‘I thought I had dementia’: How menopause crimps income and super

Unwell for years with headaches, brain fog, anxiety, achy joints and repeated infections, Vicki Smith didn’t realise most of her health problems were connected to menopause. Now 52, she looks back on her years of debilitating health issues with regret. She repeatedly sought medical assistance and even consulted a specialist women’s health GP, but she thinks doctors’ views of her health problems were skewed because she had been diagnosed with clinical depression when she was younger. None suggested menopause might be affecting her health.

“For years prior to getting a menopausal hormone therapy prescription, I felt as though I was losing my mind,” she says. “At times it was like I was having a nervous breakdown and other times I was convinced I had dementia.”

A well-paid business development professional employed for many years in a medium-sized firm, Smith had felt increasingly unsupported in the workplace, but the circumstances made it impossible to ask for a reduced workload. Early this year, feeling increasingly weary and ill, she resigned.

Vicki Smith photo by Trevor Mollens

The Association of Superannuation Funds of Australia (ASFA) in March estimated the superannuation of one in seven Australian women would be adversely affected by menopause through taking time out of the workplace or retiring early, potentially losing as much as $60,000 in retirement savings.

ASFA chief executive Mary Delahunty says 160,000 Australian women enter menopause each year. The ASFA report found that as a direct result of menopause about 20,000 women would at some point move from full-time to part-time work; 10,000 would leave work and return later and 4000 would retire.

“Each of these actions will have a significant and detrimental impact on their individual retirement outcomes,” Delahunty says.

Senate inquiry

There is little hard Australian data on menopause, but British surveys suggest one in four women consider leaving work when they are affected by menopausal symptoms.

Already earning less on average than men, as the recent Workplace Gender Equality Agency pay gap data revealed, women’s earning capacity is often significantly interrupted by childbirth, childcare and family responsibilities, as well as menopause, leaving Australian women with substantially less retirement security than men.

A federal Senate inquiry will this year look into issues relating to perimenopause and menopause and 138 submissions have already been lodged, by super funds, unions, medical and social organisations, government departments and many individual women.

The ASFA submission proposes the expansion of the National Women’s Health survey to collect data to better understand the effects of menopause on women’s employment.

“I’m so glad we’ve reached a stage where we’re able to say the words out loud without blushing,” Delahunty says. “This has been a big and dramatic year for the conversation around menopause and we are really keen to keep highlighting that this can have an impact on retirement savings.”

Economic loss

The Australian Institute of Superannuation Trustees looked at the extent of the financial impact of menopause in its pre-budget submission for 2023-24. It noted that “by the government’s own estimates, 28 per cent of menopausal women will have symptoms severe enough to impact their participation in the workforce”.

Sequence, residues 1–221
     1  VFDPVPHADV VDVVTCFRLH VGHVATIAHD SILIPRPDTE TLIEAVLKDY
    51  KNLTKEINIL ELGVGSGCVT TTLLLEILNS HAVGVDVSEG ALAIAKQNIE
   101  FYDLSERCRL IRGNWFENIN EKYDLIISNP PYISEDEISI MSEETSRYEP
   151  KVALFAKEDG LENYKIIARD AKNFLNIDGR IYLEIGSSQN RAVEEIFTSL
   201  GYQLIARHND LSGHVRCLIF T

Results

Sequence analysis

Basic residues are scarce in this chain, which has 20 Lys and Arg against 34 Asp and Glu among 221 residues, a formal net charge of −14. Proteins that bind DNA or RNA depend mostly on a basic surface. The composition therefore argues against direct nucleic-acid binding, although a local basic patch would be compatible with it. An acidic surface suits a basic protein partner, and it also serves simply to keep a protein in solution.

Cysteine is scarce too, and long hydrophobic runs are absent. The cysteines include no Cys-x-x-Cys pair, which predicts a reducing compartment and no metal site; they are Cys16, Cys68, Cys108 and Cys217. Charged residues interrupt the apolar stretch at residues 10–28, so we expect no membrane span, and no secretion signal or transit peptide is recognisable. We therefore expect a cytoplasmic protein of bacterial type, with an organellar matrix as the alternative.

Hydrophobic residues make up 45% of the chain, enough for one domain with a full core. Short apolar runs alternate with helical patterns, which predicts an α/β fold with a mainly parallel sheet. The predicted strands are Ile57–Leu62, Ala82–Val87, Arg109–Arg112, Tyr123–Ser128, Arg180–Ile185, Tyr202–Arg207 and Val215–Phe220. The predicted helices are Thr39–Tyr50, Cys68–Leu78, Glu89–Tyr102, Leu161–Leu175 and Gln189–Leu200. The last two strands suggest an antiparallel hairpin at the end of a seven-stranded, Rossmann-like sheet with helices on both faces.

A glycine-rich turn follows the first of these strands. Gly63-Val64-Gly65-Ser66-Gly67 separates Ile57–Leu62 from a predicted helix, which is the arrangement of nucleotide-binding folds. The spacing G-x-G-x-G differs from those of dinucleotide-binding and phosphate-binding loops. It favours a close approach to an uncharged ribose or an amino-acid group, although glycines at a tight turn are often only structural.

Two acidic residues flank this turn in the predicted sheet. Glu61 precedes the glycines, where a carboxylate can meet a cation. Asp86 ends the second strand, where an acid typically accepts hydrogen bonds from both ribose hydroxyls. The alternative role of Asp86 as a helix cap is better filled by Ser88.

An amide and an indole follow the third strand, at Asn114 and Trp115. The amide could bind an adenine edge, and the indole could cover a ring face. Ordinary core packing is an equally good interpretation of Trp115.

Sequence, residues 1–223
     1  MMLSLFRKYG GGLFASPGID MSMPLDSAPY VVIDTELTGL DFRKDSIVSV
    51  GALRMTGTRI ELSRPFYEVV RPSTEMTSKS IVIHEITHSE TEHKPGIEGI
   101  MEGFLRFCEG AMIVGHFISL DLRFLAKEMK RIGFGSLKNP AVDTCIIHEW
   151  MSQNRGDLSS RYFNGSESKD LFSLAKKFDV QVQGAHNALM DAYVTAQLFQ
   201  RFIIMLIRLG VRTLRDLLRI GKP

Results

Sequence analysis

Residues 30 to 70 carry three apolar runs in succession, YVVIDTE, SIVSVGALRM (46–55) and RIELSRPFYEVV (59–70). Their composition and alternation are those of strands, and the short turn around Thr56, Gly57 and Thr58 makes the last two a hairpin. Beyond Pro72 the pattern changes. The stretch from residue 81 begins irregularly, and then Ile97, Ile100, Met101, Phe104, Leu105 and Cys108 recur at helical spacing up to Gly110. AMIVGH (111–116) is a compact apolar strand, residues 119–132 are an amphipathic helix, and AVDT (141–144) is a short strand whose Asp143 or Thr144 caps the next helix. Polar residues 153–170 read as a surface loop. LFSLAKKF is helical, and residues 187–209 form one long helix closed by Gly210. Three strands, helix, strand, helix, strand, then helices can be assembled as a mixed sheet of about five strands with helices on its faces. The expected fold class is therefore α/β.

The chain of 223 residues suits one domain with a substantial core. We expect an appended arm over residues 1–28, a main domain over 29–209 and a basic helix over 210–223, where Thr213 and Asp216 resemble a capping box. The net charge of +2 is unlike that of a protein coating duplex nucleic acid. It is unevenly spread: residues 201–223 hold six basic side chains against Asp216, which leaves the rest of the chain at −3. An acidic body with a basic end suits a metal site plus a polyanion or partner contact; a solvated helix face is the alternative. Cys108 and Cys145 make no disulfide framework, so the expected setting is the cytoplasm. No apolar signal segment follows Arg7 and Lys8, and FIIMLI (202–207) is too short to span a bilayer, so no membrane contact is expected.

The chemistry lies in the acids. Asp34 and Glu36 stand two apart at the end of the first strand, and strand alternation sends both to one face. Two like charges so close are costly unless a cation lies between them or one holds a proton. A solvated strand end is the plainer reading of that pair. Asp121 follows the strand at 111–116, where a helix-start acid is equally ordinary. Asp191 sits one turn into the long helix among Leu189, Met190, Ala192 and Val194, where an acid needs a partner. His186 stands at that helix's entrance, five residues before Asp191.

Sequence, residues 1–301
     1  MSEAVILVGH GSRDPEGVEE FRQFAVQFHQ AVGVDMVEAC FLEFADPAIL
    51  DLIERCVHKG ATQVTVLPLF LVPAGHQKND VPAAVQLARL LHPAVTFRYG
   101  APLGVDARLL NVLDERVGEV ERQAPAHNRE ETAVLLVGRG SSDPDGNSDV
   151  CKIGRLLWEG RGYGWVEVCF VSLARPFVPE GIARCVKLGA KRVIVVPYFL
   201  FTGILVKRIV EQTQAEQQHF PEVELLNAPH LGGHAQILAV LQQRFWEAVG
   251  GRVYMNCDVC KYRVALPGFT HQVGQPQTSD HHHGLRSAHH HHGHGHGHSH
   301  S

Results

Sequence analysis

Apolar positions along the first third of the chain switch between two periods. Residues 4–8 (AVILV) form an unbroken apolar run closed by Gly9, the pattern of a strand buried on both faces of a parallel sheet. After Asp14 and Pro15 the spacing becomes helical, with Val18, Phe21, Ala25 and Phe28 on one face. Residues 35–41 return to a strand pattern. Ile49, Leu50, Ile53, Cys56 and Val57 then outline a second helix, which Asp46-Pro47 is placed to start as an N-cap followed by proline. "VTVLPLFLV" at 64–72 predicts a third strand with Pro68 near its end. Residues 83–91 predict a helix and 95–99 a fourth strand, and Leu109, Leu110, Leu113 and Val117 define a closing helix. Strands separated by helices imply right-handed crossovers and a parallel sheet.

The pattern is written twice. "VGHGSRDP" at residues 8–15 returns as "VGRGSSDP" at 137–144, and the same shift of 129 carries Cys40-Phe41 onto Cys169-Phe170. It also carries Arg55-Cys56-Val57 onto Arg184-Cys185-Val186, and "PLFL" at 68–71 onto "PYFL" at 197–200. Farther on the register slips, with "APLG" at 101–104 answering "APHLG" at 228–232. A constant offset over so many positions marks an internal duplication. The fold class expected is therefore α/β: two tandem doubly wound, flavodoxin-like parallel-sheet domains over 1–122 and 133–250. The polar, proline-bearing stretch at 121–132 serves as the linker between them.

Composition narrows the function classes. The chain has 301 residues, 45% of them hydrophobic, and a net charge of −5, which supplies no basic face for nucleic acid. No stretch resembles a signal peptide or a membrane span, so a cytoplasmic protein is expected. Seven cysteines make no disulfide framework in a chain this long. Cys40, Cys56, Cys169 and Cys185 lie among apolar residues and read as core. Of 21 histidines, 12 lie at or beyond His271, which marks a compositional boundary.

That meant the working lives of 194,360 women then in the 50-54 age group were disrupted by menopausal symptoms, the submission said, resulting in a possible collective economic loss of $15.2 billion a year in forgone earnings and super. With an average early retirement of more than seven years, the institute calculated the combined shortfall came to more than $112.2 billion in forfeited earnings.

Resigned to the loss of income arising from her menopause health difficulties, Smith says she expects to be out of work for six months or so, forfeiting about $100,000 of income.

She resigned abruptly and her thinking was clouded at the time, so she didn’t think to take some of her three months’ sick leave. Her long service leave was paid out, but if she had instead taken the long service leave before resigning, she would have earned super on it.

“I didn’t necessarily have to give up work,” she says. “I just needed the right medication; I needed the right help. In the end I just couldn’t function properly. My brain just wasn’t working. I felt terrible.”

Progressive policies

Menopause Friendly Australia, a proprietary limited company, provides assistance and accreditation to companies looking to create workplaces responsive to the needs of menopausal women.

Some super funds have already introduced progressive menopause policies such as menopause leave days, and other companies are seeking guidance.

“We need to look at what the systemic reasons are for women leaving the workforce,” says Menopause Friendly Australia CEO Grace Molloy. She notes that 45 per cent of Australian women who retired before 55 cited health as a reason.

“At the moment women leave work 7.4 years earlier than men, and that not only contributes to the superannuation gap for women but also to the lack of women in leadership roles,” she says.

Menopause Friendly Australia is less than a year old, she adds, but big businesses that have signed on include the Commonwealth Bank, KPMG, Accenture and BHP.

BHP Group health, safety and environment officer Elsabe Muller says the company is making changes to support employees coping with menopause.

“Despite its prevalence and complex impacts, menopause is rarely talked about at work and we need to change that,” she says. “We recently ran a campaign across our business globally aimed at building awareness, reducing stigma and opening that dialogue with our workforce.”

Australian Financial Review